Open with DEXTER

thumbnail Fig. A.6.

Same as Fig. A.5 but for the candidate variables in the WF3 chip.

Open with DEXTER

thumbnail Fig. A.7.

Same as Fig. A.5 but for the candidate variables in the WF4 chip.

Open with DEXTER

thumbnail Fig. A.8.

Field charts of the four WFPC2 chips. The circles indicate the position of each of the Cepheids, labeled as in Tables A.2A.5.

Open with DEXTER

All Tables

Table 1.

Number of stars after photometric quality cuts.

Table 2.

Massive star population in NGC 4535 and M101.

Table A.1.

Catalog of 24353 stars.

Table A.2.

Properties of newly discovered variable candidates in the PC chip ordered by average magnitudes.

Table A.3.

Properties of newly discovered variable candidates in the WF2 chip ordered by average magnitudes.

Table A.4.

Properties of newly discovered variable candidates in the WF3 chip ordered by average magnitudes.

Table A.5.

Properties of newly discovered variable candidates in the WF4 chip ordered by average magnitudes.

All Figures

thumbnail Fig. 1.

Histogram of the number of sources versus the mean magnitude for the I filter (red solid line) and the V filter (blue dashed line). The faint limits in V and I magnitude indicate the magnitude up to which our sample is 50% complete.

Open with DEXTER
In the text
thumbnail Fig. 2.

CMDs for the stellar sources in NGC 4535 for both V & I filters. The error bars correspond to the photometric errors as derived from artificial star tests. The gray dotted line indicates the 50% completeness level as a function of color and magnitude.

Open with DEXTER
In the text
thumbnail Fig. 3.

Completeness factors as a function of the V and I magnitude.

Open with DEXTER
In the text
thumbnail Fig. 4.

VI versus V color-magnitude diagram of NGC 4535. Both absolute and mean magnitudes of the stars are plotted on the y-axis, based on the distance modulus 31.02 mag. The constant stars are shown in gray, the known Cepheids as blue triangles and the new candidate variables as black dots.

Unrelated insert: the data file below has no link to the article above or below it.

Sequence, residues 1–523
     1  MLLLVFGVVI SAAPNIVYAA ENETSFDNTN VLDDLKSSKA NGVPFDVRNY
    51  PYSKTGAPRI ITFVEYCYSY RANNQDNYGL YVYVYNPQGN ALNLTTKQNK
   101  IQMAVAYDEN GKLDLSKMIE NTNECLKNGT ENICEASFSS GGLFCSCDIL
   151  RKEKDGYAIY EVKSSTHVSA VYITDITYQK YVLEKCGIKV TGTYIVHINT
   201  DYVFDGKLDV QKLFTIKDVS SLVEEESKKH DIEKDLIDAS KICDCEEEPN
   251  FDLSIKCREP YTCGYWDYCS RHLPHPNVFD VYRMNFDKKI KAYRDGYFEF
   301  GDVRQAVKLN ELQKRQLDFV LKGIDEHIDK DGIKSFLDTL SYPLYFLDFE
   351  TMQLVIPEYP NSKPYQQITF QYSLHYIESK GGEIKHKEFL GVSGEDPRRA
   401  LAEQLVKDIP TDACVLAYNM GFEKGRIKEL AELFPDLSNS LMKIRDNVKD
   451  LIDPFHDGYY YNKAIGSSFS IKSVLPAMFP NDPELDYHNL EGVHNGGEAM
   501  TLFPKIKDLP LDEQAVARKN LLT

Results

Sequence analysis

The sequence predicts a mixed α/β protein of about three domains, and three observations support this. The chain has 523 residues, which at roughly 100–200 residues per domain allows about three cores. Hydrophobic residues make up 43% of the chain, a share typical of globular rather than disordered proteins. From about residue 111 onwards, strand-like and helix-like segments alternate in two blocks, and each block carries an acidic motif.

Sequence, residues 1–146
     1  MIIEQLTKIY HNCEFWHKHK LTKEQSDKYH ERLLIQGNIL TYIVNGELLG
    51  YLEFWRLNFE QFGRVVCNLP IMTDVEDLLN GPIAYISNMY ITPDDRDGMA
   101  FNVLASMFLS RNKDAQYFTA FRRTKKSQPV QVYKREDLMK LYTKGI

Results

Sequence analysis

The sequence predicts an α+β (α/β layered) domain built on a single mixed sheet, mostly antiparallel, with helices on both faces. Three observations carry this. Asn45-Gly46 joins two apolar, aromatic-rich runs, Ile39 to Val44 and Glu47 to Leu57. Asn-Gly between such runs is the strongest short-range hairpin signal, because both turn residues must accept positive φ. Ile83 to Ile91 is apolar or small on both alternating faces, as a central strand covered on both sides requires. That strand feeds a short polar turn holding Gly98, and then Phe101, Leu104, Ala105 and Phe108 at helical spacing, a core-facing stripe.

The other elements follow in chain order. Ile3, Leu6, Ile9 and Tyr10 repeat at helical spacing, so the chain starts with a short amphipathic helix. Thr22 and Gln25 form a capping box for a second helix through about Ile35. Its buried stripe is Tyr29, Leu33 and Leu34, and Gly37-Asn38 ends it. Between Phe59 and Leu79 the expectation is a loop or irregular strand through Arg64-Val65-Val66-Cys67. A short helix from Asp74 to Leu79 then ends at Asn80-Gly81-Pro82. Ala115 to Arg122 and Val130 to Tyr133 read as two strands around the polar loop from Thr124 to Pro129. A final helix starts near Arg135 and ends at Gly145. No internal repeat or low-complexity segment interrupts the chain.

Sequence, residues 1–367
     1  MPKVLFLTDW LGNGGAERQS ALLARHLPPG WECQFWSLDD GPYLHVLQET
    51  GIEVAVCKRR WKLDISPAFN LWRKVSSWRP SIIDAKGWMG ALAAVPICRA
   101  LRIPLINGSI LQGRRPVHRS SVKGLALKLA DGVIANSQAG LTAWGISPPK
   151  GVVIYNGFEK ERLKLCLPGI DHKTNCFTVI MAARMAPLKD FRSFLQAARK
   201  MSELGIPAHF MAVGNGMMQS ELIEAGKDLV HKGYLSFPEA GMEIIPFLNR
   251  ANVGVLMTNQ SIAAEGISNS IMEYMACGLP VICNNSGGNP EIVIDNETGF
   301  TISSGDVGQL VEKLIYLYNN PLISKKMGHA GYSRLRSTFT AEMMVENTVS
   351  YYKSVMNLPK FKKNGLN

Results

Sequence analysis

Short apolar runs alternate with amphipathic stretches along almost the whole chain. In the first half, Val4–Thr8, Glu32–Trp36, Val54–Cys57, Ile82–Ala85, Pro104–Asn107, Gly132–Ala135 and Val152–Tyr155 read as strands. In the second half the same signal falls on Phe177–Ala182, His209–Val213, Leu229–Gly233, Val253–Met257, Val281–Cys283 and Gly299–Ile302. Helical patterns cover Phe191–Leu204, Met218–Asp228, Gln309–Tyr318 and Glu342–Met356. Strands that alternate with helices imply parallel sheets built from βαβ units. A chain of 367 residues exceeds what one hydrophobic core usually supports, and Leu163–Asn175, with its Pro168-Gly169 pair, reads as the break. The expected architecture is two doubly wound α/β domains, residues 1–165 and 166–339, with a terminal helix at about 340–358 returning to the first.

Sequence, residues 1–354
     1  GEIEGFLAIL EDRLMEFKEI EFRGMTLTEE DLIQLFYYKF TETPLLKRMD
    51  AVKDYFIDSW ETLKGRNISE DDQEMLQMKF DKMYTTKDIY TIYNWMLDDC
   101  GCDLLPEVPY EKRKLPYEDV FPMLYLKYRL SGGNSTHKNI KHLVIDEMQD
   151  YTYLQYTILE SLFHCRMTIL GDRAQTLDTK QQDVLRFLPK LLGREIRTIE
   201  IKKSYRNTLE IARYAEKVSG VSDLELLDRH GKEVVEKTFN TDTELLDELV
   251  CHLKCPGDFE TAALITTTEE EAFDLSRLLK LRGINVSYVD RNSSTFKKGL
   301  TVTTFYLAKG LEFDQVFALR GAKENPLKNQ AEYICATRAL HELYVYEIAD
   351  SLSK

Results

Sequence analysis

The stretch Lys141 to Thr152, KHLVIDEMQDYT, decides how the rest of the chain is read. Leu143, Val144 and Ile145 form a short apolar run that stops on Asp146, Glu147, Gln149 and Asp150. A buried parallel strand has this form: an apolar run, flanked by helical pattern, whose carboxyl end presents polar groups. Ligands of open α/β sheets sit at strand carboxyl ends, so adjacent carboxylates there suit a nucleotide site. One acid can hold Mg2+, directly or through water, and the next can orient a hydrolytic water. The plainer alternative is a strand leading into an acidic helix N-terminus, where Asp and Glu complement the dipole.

Open with DEXTER
In the text
thumbnail Fig. 5.

Spatial distribution of the candidate blue and red supergiants in NGC 4535. The candidate blue and red supergiants are shown as blue and red circles. The dashed white annuli indicate the 0.35′ annuli used for the estimation of the B/R ratio.

Open with DEXTER
In the text
thumbnail Fig. 6.

Left panel: blue to red supergiant ratio for NGC 4535. The dashed red line is a linear fit indicating the monotonic radial decline of the blue to red supergiants. Right panel: number of candidate BSGs, RSGs, YSGs/arcmin2 versus the distance from the center. The candidate BSGs are shown as blue dots, the RSGs as red triangles, and the YSGs as yellow stars.

Open with DEXTER
In the text
thumbnail Fig. 7.

Left panel: V luminosity function of the blue HeB stars. The bin width is 0.15 mag. The errors shown are derived by the artificial star tests. Plotted above the histogram is the age in Myr for the blue HeB stars as given by the MESA models. Right panel: SFR in M Myr−1 kpc−2 for NGC 4535 within our field over the last 60 Myr, based on the blue HeB stars. The blue HeB luminosity function has been normalized to account for the IMF and the changing lifetime in this phase with mass. We used the Salpeter IMF slope and the MESA evolutionary tracks for Z = 0.0014.

Open with DEXTER
In the text
thumbnail Fig. 8.

Mean absolute deviation versus mean magnitude. The dashed line shows the stars over the 4σ threshold. The variable candidates are shown in red squares and the known variables are shown in blue triangles. The four panels per column correspond to the chips PC, WF2, WF3, and WF4 respectively.

Open with DEXTER
In the text
thumbnail Fig. 9.

Color-magnitude diagrams per chip with MESA evolutionary models over-plotted. The two upper panels correspond to variables in chips PC and WF2 while the lower panels to those in chips WF3 and WF4.

Open with DEXTER
In the text
thumbnail Fig. A.1.

Light curves of the candidate variables in the PC chip in the V filter (filled circles) and I filter (open circles).

Open with DEXTER
In the text
thumbnail Fig. A.2.

Same as Fig. A.1 but for the candidate variables in the WF2 chip.

Open with DEXTER
In the text
thumbnail Fig. A.3.

Same as Fig. A.1 but for the candidate variables in the WF3 chip.

Open with DEXTER
In the text
thumbnail Fig. A.4.

Same as Fig. A.1 but for the candidate variables in the WF4 chip.

Open with DEXTER
In the text
thumbnail Fig. A.5.

Finding charts for each candidate variable star in the PC and WF2 chips. The charts encompass a 50 × 50 arcsec area around each variable.

Open with DEXTER
In the text
thumbnail Fig. A.6.

Same as Fig. A.5 but for the candidate variables in the WF3 chip.

Open with DEXTER
In the text
thumbnail Fig. A.7.

Same as Fig. A.5 but for the candidate variables in the WF4 chip.

Open with DEXTER
In the text
thumbnail Fig. A.8.

Field charts of the four WFPC2 chips. The circles indicate the position of each of the Cepheids, labeled as in Tables A.2A.5.

Open with DEXTER
In the text